Henry Epskamp says the waterfront home he shares with partner Alison Drum is "like a bach on steroids".

"By which I mean it's got an incredible sense of connection to the water with that bachy sense of tranquillity but with more luxury thrown in."

Their three-level cedar home swathed in decks sits eyeballing the water to the west of Arkles Bay on the Whangaparaoa Peninsula, near where the Weiti River flows into the Hauraki Gulf.

Henry says: "It's incredibly peaceful here but also ever-changing. There's always something to see in 'our back yard'."


'Our back yard' refers to the glistening water they gaze on to from every room. Standing on any of their decks they can watch painterly sunsets, passing boats, swooping birdlife and marine life, such as big fish and stingray, swimming past.

"The channel's just out there so our neighbour's got a rod holder on his deck."

Henry understands the seaside home was designed by an architect and once owned by an artist.

The house and its single garage sit on a 1112sq m section, largely bush-covered so initially tricky to traverse.

Henry reckons picking up a spade to investigate making walkways was his Forrest Gump moment, but instead of running for years he formed extensive landscaped pathways - with Alison's help.

These access two of their other creations: a Hawaiian-inspired bush-set tiki bar and a separate water's-edge deck, complete with outdoor shower and power.

Henry says: "On a Friday night we'll often take a bottle of wine and Bluetooth speaker to the tiki bar to talk and watch boats go past."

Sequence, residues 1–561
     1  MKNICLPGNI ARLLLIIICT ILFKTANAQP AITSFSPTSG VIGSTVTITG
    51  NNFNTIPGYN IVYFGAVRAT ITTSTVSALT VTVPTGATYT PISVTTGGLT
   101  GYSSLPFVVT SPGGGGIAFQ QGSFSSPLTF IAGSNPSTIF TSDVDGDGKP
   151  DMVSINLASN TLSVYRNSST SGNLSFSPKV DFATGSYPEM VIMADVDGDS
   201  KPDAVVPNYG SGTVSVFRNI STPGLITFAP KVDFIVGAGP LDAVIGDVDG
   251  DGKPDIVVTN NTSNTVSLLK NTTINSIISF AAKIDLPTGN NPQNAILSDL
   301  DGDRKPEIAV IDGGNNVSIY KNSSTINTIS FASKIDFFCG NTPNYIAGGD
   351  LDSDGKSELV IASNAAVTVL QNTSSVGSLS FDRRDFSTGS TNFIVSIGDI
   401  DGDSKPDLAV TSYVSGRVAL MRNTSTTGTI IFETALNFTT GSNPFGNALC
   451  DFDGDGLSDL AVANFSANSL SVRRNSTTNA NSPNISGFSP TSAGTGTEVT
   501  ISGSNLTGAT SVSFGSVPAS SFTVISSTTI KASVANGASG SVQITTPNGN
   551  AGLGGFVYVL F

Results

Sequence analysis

They bought the circa-1980s home in early 2013 keen to enhance it, beginning with nurturing its cedar exterior with several coats of oil.

"We thought, 'Well, if we're going to the expense of putting scaffolding up all around the house we may as well do a few extra things'."

They replaced tired-looking joinery with new double-glazed aluminium joinery featuring larger glass panels for unrestricted views. They also replaced the guttering.

There's a red front door on the upper level but, alternatively, brick steps lead to mid-level sliding doors into a foyer. This has Velux skylights above and a sheltered inland courtyard garden outside.

Decks wrap around this level's living, which consists of kitchen, dining and lounge laid out open-plan under soaring vaulted ceilings with a heat pump.

The couple's extensive redecoration included re-flooring with solid Amsterdam oak, upgrading internal doors to black panelled ones and complementing mainly white decor with wallpapered feature walls in a grey hessian pattern.

This level also has a bedroom opening to the front deck, a bathroom with a bath positioned to watch wood pigeons in a big puriri tree outside, a laundry and storage.

The couple each have two children and Alison's son initially lived in one of the upper level's two bedrooms. The other bedroom has an upper wall of louvres which can be closed off or opened to highlight the view.

They've also refurbished the semi-self-contained downstairs with its own entrance, bedroom, kitchenette, bathroom facilities and deck (harbouring a sauna, which stays).
Henry says: "This place is brilliant for giving everyone their own space.

"There's been an insurgence of good cafes along the peninsula since we've moved here.

There's a supermarket handy and a movie theatre two minutes' drive away so we don't often feel the need to leave the Hibiscus Coast at the weekend."

The couple is selling the property ready for a new direction, which will include some travelling around New Zealand and may eventually include another home improvement project.

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